Learning to Read All Over Again

Assalamu Alaikum, everyone! One of the fundamental but perhaps most daunting tasks that all new reverts face is learning to read Qur’an. While most born Muslims are given the opportunity to learn while they are young and while their brains are still flexible, those who choose to convert to Islam may find their journey a little less simple. If you are a native English speaker or speaker of any of the Romantic languages, you may find learning to read and write Arabic quite difficult. The way this language is set up is completely different to how we are used to speaking. Aside from the obvious differences in alphabet, pronunciation is on a whole new level with sounds that I have never before had to make. This is what makes learning Arabic fun but also extremely challenging.

As my husband has so patiently told me, learning this language takes time and because the Qur’an has been spread all over the world, pronunciation will differ with everyone. An Arabic person will tell you how to pronounce a certain word much differently than how someone from Malaysia will teach you. And while the way a born Arabic speaker recites the Qur’an is typically the correct way, for almost everyone else in the world the language is so different from their own that it is a struggle to adopt the correct pronunciations for every word. You simply have to exercise patience, practice consistently, and try the best you can. The goal is to be able to ready the Holy Qur’an and to understand its teachings. And, if this offers any bit of comfort, learning to pronounce the letters once they are connected into words is much easier than learning to pronounce the letters individually.

Why am I saying all of this? Because I am having so much difficulty learning to read and pronounce Arabic. English is my first language with Spanish coming in at a close second. Spanish also happens to be in the same family of languages that I am familiar with and I began learning it when I was in elementary school so I have been able to pick it back up easily. Arabic is an entirely different ball game. I am having to learn a new alphabet, new ways of pronouncing things, and new sounds that don’t exist in English or Spanish. Combine all of this with the fact that my Qur’an teacher, who also happens to be my British husband, tends to pronounce th as f. His teaching is wonderful, he’s patient and thorough but even the cultural differences in how we pronounce certain letters has caused some confusion and frustration. He also happened to learn Qur’an the Urdu way which is slightly different. But, I think once we realized that we pronounce certain letters differently, it cleared everything up. I’m laughing right now remembering how seriously he looked at me as he pointed out thaa’ was pronounced with a th like “fhaa” and I couldn’t wrap my head around how that was possible.

It has been a challenge, and we are nowhere near finished but, alhamdulillah that we get to undertake this challenge together through the mercy and goodness of Allah (SWT). So, if you’re feeling stuck or extremely frustrated, just know that this is normal. Instead of giving in to the negative feelings, use them as motivation to conquer these obstacles. If you need to, slow it down and focus on perfecting one letter a day. And remember that there are plenty of free resources online, especially YouTube, that are fantastic (and free) which are perfect for if you are trying to teach yourself. If you can, try to find local classes or a generous brother or sister willing to help teach you. I find that practicing with someone who has gone through it themselves is so much more helpful than trying to carry on by yourself. I pray that Allah (SWT) will guide each and every one of you through this journey and that your hearts will be filled with love and praise for Him as you learn to read His words.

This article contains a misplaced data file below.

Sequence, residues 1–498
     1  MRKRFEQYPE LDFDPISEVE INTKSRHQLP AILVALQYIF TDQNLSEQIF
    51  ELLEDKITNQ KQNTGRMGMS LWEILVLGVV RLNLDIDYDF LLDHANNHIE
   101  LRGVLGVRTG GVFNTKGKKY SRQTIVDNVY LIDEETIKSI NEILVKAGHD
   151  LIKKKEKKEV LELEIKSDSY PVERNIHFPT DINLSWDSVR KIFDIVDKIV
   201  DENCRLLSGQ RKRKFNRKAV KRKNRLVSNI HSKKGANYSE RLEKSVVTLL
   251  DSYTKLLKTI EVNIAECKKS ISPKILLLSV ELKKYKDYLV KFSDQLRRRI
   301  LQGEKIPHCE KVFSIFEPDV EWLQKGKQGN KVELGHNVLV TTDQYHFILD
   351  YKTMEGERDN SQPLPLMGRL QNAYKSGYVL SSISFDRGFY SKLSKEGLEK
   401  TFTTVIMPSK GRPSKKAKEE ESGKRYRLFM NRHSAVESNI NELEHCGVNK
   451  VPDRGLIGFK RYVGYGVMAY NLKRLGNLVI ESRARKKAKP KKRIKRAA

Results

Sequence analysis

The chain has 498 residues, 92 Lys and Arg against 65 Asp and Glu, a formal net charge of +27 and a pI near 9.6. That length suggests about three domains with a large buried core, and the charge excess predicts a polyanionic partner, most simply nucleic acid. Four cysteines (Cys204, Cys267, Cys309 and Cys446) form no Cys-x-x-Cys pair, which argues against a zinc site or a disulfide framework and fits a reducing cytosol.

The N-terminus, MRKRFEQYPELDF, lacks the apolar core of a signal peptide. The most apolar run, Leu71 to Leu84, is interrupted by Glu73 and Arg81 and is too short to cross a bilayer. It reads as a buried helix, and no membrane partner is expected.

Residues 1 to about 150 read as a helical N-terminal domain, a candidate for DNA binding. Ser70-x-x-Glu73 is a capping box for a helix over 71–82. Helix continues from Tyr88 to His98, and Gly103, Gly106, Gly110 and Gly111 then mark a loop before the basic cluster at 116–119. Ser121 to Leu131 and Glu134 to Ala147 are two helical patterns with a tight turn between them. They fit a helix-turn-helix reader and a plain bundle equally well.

Thank you,

Nahlah

3 thoughts on “Learning to Read All Over Again

  1. Aaah Nahlah this is such an amazing post! Thank you for sharing. I was born an Arab so my struggles are nowhere compared to yours. I was a slow arabic reader and was so surprised by how fast my parents used to read. I used to go letter by letter or two letters at a time. Then one day we had a quran recitation contest and it was covering 3 juz. I read and practised everyday and alhamudlillah they soon become like sight words. Because so may words are repeated in the Quran, it’s possible to learn reading from scratch but it comes with practise. Inshallah one day you’ll be able to read it fluently. And just remember, that Allah does not care if you are 100% perfect in recitation and tajweed, He cares about the effort you put in to read it. Here’s a hadith you might have heard of but it kept me going.

    “Verily the one who recites the Qur’an beautifully, smoothly, and precisely, he will be in the company of the noble and obedient angels. And as for the one who recites with difficulty, stammering or stumbling through its verses, then he will have twice that reward.” Sahih

    It’s so amazing that you practise and take steps to bettering your recitation where there are many including myself that know how to read but sometimes go periods of time without reading any Quran. May Allah help you on your journey and I love that piece of advice at the end! Great post!

    Liked by 1 person

    1. Thank you so much for reading, Bayance! Your words of encouragement are wonderful to hear. And thank you sending that hadith. I haven’t come across that one yet but it is so comforting. Alhamdulillah that you were able to learn from an early age! It is just as much of a challenge to keep up with it and continue to read consistently. It’s awesome and inspiring that you have put so much work into it, mash’Allah. May Allah (SWT) guide you on your journey as well, sister!

      Liked by 1 person

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